“Mean Girls.” “Freaks and Greeks.” “Heathers.”
Perhaps you’ve heard: High school is treacherous place.
Students are ruthless to one another. Hormones are bad-behavior accelerants. And adults? Utterly clueless.
Now throw in social media-shaming, sexism and suicide, and you have the basic building blocks for the addictive mystery that is “13 Reasons Why.”
Directed by Tom McCarthy (“Spotlight”), this Netflix original series is based on Jay Asher’s 2007 young adult novel of the same name. A girl ends her own life, but why? The answer slowly unfolds over 13 episodes, each an hour long and all of which begin streaming Friday. Stock up on provisions because you won’t be leaving the couch for half a day.
Hannah Baker (Katherine Langford) appears more confident and insightful than most of her 17-year-old peers at Liberty High so, when she commits suicide, her parents, the faculty and most of the student body appear stunned. She did, however, leave behind a series of “old school” cassette tapes that provide clues to why she ended her life — and who’s to blame.
Thirteen of Hannah’s former friends, tormentors and acquaintances receive packages shortly after her death containing the recordings and a map. Speaking from beyond the grave, she explains they are receiving this package because they somehow contributed to her demise.
The group must listen to all seven cassettes and follow her instructions on where to find clues. If they don’t? Their secrets will be publicly divulged. Just how Hannah will exact this posthumous punishment is part of the mystery.
Her mild-mannered friend and admirer Clay Jensen (Dylan Minnette) is stunned to discover himself among the 13. He’s not like most of the other students at Liberty who subsist on making each other miserable. Or so he thought.
To understand where he fits into the puzzle, Clay must listen through all the tapes. Along the way, he learns the dark secrets kept by those around him, and the lengths to which they will go to keep those secrets hidden.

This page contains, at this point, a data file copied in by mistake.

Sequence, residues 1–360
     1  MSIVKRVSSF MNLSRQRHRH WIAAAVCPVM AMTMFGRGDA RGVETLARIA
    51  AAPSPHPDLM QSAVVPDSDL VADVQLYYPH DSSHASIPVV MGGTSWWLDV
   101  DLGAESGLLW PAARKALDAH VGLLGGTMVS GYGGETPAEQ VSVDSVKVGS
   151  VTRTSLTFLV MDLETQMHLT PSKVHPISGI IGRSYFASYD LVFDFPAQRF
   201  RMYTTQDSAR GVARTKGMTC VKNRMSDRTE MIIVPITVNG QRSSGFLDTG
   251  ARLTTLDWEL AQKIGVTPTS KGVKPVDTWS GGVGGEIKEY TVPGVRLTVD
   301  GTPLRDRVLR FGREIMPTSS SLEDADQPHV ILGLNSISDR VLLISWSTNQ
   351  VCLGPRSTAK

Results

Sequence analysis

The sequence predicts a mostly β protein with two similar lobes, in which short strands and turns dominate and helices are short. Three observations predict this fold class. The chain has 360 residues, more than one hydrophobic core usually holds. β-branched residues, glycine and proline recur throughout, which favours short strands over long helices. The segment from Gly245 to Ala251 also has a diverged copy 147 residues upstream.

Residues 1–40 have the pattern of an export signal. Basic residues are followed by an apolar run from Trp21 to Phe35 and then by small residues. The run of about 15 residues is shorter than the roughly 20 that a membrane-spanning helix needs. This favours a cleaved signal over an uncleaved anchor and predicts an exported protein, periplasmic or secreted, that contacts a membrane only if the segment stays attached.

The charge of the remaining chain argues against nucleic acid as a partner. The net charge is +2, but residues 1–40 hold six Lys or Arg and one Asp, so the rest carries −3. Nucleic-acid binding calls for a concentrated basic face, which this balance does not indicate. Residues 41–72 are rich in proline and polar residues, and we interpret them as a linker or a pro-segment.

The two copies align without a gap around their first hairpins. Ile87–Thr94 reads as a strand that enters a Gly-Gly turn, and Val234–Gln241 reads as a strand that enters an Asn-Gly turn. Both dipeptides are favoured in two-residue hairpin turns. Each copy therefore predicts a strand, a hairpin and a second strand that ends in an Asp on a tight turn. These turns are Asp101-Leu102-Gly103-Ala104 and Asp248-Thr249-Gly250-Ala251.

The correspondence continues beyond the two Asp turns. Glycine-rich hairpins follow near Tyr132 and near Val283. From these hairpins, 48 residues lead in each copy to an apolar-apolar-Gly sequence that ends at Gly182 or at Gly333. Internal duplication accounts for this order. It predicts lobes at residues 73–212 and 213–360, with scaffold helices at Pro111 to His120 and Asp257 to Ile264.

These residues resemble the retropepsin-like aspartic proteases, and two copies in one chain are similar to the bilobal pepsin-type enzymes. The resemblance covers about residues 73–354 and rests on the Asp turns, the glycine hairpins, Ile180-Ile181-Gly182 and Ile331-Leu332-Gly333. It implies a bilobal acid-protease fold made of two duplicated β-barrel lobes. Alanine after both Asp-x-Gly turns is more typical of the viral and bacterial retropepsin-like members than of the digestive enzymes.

“13 Reasons Why” plays out over a series of flashbacks, effortlessly hopscotching through different timelines. What could have easily been one more high school drama about bullies and victims, jocks and nerds, popular girls and outcasts, is instead a nuanced story about the complexities of relationships between friends, families and lovers.
The talents of Minnette and newcomer Langford carry much of the story. They are convincing high school outsiders — he still wears a bike helmet, likes science fiction and pays attention to lunar eclipses.
She’s insightful, has a sophisticated sense of humor and is individualistic — all deficits for a girl who wants to fit in at a new high school. Together they bring a depth and charm to their roles, and there’s a chemistry between them that is believable.
In this series, written by Brian Yorkey and executive produced by Selena Gomez, Hannah and Clay are also mirrors that reflect how different the teen experience can be for girls versus boys.
On one tape, Hannah says, “You probably think I’m taking it too seriously. … Here’s the thing. You’ve never been a girl.”
Early on in the series, she gets labeled as a “slut” through a photo posted on social media and more old-fashioned forms of humiliation: gossip and writing on the bathroom walls.
It makes her a leper among many of the other girls — some of whom she used to call friends — and a target for leering boys’ lust and ridicule. When she is cited on a secretly circulated “Hot List,” the bright, multifaceted Hannah is objectified into Liberty High’s “Best Ass.”